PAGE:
breathe, observe and contemplate—to bring us back to ourselves. 

Each image suggests that
ambiguous state of mind in which one is not certain whether something has ended
or something is about to begin. In that captured moment there is no certainty,
only the timeless hovering of possibility that reflects on the past while at
the same time suggesting the future.

Images from Off Season

Troy Paiva

Night photography and Light painting have been growing in popularity, but for photographer Troy Paiva, it’s just been a regular day at the office, and has been for over twenty five years.  Troy’s website receives millions of hits by fans that are drawn to his varied projects and technical skills. His work makes us see ordinary objects in a new way, bringing beauty to the discarded, to the broken and forgotten. 
Troy is gearing up for workshops this fall with night photographer and Lightroom guru Joe Reifer in
a high desert junkyard north of Los Angeles. “It’s filled with movie
prop vehicles, derelict garages and a full blown recycling facility. I
rent the place for 3 nights and we really crank out the work. With the
classroom stuff during the day and shooting until 2 each night, it’s
very immersive. Hardcore.
” For more info, go here

Troy has has also created the books, Light Painted Night Photography: The “Lost American” Technique and “Night Vision: The Art of Urban Exploration” in 2008 (Chronicle Books). Troy’s work has appeared in museums and galleries in New York, Los
Angeles, Sweden and San Francisco.  In 2010 and 2011 he appeared as a
guest judge on the Singapore reality TV show The Big Shot. He is widely published and interviewed.
 The Mojave Airport Boneyard
Driving across California’s high desert, the airliner boneyard at Mojave
airport is visible from miles away.  The long rows of faded tails seem
to stretch to the horizon.  Many of the planes are parked in long-term
storage, reminders of economic downturns and now defunct airlines, but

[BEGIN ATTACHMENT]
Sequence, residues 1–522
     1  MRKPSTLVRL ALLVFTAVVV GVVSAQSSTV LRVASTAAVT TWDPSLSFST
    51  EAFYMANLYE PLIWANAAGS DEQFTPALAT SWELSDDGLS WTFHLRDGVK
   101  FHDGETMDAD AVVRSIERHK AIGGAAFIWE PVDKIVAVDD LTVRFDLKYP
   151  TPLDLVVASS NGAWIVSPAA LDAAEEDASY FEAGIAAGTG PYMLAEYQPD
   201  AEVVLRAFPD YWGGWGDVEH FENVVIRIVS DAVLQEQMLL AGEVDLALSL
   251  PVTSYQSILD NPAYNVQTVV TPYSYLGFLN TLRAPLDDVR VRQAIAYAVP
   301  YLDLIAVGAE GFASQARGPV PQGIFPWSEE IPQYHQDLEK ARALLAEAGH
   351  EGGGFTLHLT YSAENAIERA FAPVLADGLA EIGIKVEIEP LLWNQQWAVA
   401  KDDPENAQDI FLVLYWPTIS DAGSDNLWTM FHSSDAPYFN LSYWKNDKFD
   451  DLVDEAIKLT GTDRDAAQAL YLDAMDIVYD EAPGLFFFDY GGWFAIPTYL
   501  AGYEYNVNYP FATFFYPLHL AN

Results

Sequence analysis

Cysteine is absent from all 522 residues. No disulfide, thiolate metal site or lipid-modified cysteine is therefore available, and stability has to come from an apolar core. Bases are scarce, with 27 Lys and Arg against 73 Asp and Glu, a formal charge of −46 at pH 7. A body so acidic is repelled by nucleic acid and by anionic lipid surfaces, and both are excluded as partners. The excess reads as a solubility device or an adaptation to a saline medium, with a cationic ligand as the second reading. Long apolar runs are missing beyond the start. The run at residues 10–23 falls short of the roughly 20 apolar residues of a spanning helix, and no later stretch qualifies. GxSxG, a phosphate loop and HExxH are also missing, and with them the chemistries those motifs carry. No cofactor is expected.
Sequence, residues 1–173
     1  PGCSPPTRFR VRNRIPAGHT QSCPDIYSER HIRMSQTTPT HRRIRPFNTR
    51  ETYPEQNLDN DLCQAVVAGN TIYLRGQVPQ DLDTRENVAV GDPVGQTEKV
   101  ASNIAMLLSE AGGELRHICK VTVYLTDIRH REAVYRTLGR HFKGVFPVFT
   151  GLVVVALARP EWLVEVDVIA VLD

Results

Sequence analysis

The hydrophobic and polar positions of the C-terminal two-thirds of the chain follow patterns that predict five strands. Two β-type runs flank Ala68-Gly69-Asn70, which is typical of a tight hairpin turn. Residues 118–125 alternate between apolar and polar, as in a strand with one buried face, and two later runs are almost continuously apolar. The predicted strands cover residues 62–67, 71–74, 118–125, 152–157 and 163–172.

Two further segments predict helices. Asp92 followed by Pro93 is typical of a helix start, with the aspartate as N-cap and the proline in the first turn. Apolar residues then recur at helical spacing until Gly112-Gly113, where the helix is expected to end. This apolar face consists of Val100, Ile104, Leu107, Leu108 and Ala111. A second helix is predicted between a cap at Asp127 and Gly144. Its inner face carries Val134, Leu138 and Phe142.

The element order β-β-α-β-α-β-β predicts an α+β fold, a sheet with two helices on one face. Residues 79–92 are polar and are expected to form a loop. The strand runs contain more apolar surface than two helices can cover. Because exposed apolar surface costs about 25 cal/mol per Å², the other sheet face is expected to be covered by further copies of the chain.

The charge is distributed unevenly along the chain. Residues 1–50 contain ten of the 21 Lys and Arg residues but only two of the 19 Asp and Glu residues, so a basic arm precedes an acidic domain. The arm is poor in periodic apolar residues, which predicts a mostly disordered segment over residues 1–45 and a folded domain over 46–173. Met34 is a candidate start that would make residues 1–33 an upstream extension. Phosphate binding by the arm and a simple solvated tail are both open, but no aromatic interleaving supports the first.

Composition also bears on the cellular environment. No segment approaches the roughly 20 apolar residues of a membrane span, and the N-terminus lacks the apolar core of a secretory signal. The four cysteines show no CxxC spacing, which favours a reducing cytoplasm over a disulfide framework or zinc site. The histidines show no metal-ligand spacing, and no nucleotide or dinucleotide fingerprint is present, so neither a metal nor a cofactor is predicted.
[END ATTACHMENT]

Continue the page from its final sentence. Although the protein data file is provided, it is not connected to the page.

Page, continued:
many more of the worn out, partially cannibalized and obsolete planes
will never fly again.  Over the past 30 years, Mojave Airport has become
the final resting place for over a thousand of the world’s aircraft.
When airliners reach the end of their operational lifetimes (usually
about 20 to 25 years) they make their last flight to places like Mojave
(or Kingman, Tucson and Marana, Arizona) to be stored and stripped of
their parts, keeping more recently manufactured versions of that plane
flying.  As entire series of planes are retired, these storage
facilities become junkyards.  Scrap companies buy the superseded old
airframes and drag them to a remote corner of the airport to chop them
up, and melt them down.
The images in this set were all shot on film
in 1990 and a second trip in 2003.  Back in ’90, access was as simple
as tracking down the owner’s name and making a request by phone call.
 In 2003, after 911, access was considerably more difficult.  Lucky for
me, I had made a good contact in 1990 who grudgingly allowed me in one
more time.  Today, Mojave Air and Space Port is home to several secretive aerospace R&D facilities and there is no photography allowed anywhere on the flightline side of the airport.  I consider myself very lucky to have been able to shoot this boneyard.  Twice.

The ghostly atmosphere in this graveyard is palpable–the banging and
scraping of doors and control surfaces in the slightest breeze,
constant.  These old planes seem to be sighing and groaning as they
settle onto their tire rims at the end of the runway, standing as